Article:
North Carolina coach Roy Williams joked about aliens after his team’s poor performance in the second half of Saturday’s 74-64 loss at Duke. Robert Willett
North Carolina coach Roy Williams joked about aliens after his team’s poor performance in the second half of Saturday’s 74-64 loss at Duke. Robert Willett

North Carolina

Why Roy Williams stopped calling the ACC tournament a 'cocktail party'

March 05, 2018 07:16 PM

Chapel Hill

Roy Williams used to refer to the ACC tournament as a “cocktail party.” That’s past tense but not because the North Carolina coach’s opinion of the official conference championship has necessarily changed.

“I’ve stopped saying it just because I didn’t want to listen to people criticize me,” Williams said Monday.

To be clear, Williams wants to win the ACC tournament this week in Brooklyn. The Tar Heels (22-9), the No.6 seed, will have to win four game in four days to do so.

Williams was quick to point out Monday that he did indeed pack four suits for the trip to New York. He also explained his original cocktail criticism from his first season in Chapel Hill in 2004.

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“It’s not the most important thing in the world to me, there’s no question about that,” Williams said. “So I’ve tried to stop being so crass and cruel about it. I want to win because I’m playing in it. Period. But I really want to win that next one because we’re playing in it.”

The “next” one or the “big tournament” as Williams likes to call it, is of course the NCAA tournament — which UNC won last year for the third time in Williams’ tenure.

UNC fans, and other fans, made more of a big deal about Williams’ attitude toward the ACC tournament earlier in the hall-of-fame coach’s career. He actually won a national title (in 2005) before he won his first ACC title (in 2007).

The Heels are also at the point where winning the ACC title, without going to the Final Four, can be overlooked. Maryland’s last ACC title in 2004, Wake Forest’s back-to-back title teams (in 1995 and ’96) or Virginia’s title in 2014 have a more prominent place in conference lore than some of UNC’s recent ACC title teams.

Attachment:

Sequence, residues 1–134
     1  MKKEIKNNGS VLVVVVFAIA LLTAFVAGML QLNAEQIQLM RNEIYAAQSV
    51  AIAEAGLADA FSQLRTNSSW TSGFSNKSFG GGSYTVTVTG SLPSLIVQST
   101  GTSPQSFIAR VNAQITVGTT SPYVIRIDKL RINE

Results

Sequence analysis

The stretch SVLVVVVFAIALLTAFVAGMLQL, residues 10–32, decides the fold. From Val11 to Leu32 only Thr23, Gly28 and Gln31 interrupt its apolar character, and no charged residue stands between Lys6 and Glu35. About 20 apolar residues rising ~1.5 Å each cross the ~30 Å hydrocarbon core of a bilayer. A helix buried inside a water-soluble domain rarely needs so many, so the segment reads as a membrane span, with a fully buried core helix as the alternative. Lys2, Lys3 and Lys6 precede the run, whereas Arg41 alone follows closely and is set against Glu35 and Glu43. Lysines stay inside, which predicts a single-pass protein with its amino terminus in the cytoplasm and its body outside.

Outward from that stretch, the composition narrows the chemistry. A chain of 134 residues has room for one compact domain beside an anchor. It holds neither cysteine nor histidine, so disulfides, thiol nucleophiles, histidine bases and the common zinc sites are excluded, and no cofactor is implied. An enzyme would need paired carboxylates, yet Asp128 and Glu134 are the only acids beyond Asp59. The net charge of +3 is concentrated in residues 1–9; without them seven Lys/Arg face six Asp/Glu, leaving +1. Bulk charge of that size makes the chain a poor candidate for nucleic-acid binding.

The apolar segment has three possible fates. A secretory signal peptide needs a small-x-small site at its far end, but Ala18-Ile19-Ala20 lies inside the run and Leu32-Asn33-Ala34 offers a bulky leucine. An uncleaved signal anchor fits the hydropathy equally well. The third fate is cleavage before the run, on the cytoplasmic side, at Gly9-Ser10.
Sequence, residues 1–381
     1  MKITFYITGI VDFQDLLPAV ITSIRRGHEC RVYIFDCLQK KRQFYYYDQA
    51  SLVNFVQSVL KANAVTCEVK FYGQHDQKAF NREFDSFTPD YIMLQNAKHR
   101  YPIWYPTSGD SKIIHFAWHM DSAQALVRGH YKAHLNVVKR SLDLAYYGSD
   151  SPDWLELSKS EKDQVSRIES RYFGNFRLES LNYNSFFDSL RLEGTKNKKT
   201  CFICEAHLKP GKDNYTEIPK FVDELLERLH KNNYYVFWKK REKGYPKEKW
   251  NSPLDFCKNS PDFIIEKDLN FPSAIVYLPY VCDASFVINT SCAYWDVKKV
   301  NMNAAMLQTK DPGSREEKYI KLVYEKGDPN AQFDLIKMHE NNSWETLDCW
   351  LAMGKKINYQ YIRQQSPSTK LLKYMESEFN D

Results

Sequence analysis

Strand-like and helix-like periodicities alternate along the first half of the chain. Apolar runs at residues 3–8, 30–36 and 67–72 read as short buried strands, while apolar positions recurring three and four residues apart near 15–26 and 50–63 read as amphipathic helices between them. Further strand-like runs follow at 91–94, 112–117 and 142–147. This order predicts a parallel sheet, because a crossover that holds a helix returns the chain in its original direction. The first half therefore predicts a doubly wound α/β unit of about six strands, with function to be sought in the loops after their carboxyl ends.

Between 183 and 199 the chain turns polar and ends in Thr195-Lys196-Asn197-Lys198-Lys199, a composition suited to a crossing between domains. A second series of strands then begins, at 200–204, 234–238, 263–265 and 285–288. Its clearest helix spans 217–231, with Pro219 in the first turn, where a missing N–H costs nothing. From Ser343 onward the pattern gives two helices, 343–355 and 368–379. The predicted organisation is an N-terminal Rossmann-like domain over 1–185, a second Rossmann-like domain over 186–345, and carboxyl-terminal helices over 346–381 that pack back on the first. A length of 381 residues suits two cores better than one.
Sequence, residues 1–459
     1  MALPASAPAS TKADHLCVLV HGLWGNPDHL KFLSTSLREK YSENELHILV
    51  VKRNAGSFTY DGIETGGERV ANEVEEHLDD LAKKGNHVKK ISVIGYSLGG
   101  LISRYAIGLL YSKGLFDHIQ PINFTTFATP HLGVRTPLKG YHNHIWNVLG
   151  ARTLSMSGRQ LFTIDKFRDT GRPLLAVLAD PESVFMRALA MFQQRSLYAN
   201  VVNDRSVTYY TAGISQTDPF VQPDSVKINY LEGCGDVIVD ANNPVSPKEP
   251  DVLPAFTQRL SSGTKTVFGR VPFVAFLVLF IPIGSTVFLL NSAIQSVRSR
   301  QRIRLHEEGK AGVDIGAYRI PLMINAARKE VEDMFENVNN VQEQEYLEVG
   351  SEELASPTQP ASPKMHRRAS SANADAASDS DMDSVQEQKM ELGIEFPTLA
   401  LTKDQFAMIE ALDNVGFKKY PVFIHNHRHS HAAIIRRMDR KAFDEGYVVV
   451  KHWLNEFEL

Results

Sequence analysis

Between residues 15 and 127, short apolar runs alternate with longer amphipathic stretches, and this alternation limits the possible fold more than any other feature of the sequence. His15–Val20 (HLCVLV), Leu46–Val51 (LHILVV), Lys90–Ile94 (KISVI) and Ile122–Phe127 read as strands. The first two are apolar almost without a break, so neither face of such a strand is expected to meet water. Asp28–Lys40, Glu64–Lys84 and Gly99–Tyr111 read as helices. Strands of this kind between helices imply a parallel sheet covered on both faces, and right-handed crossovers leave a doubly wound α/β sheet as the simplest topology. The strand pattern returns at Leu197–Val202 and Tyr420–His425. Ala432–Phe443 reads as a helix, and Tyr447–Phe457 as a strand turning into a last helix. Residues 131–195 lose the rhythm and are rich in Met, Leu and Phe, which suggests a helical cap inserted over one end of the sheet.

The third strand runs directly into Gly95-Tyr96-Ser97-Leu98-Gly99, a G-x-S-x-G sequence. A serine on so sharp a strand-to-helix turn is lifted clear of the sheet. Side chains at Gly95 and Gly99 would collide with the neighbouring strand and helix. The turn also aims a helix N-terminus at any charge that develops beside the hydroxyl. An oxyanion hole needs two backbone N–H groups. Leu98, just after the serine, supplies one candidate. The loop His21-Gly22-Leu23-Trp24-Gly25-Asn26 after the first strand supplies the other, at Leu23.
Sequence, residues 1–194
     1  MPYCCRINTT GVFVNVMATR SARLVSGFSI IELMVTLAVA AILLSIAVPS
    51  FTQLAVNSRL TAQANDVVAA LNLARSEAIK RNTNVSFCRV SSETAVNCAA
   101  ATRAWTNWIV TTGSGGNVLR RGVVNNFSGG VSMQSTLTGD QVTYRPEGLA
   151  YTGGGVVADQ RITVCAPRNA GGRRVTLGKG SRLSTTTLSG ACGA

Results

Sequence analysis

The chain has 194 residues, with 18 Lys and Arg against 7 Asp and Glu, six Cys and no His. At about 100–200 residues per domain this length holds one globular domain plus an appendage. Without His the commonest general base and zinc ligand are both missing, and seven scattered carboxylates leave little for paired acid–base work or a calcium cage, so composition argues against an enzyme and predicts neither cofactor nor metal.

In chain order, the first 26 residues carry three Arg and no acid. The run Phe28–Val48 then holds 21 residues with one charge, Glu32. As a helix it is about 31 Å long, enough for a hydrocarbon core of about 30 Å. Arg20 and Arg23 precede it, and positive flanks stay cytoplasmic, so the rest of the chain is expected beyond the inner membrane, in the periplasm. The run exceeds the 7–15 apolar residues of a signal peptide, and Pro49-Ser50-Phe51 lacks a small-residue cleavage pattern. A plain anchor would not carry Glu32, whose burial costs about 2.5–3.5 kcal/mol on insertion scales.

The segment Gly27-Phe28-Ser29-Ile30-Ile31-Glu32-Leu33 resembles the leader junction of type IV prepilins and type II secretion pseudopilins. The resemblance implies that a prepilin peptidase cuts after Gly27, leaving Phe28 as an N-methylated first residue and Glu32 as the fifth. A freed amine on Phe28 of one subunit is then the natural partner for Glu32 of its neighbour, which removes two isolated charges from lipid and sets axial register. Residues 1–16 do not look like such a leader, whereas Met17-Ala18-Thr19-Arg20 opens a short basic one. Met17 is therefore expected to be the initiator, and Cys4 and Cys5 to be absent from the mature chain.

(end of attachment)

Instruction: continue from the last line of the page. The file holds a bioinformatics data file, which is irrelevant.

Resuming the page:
“We won the ACC tournament in ’07 and ’08 and those were really good teams,” Williams said. “Nobody talks about the 2007 team at all and that was a really team. I mean that was a really good team but nobody talks about that team. But everybody talks about ’05, ’09, ’16, ’17 those teams that get to the Final Four.”

The Tar Heels have won the ACC tournament three times under Williams (’07, ’08 and ’16). Each time they were the No. 1 seed.

Duke is the only team in conference history to win four games to win the tournament. The Blue Devils turned that trick last year, as the No. 5 seed, beating UNC in the semifinals along the way.

The Heels, in turn, won the NCAA tournament. To Williams’ point, not even the most ardent of Duke fans would brag to a Carolina fan about winning the ACC title.

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UNC has played its way to the ACC championship game from the second round. As a No. 5 seed in 2015, UNC beat Boston College, Louisville and Virginia (the No. 1 seed) before falling to Notre Dame in the title round.

Given UNC’s shorter bench rotation this season and the heavy minutes the starters have played, a brief stay in Brooklyn might actually be better for UNC. Duke was, after last year’s gauntlet in Brooklyn, worn out by the second round of the NCAA tournament and got knocked out by South Carolina.

But Williams’ attitude is as long as the scoreboard is turned on, the Heels will be in it to win it.

“We’re going to try to win, as hard as we possibly can,” Williams said. “It’s not going to be 99 percent physical and 99 percent mental. It’s going to be everything we have.”

UNC opens tournament play on Wednesday night (9:30 p.m.) against the winner of the Syracuse-Wake Forest first-round game.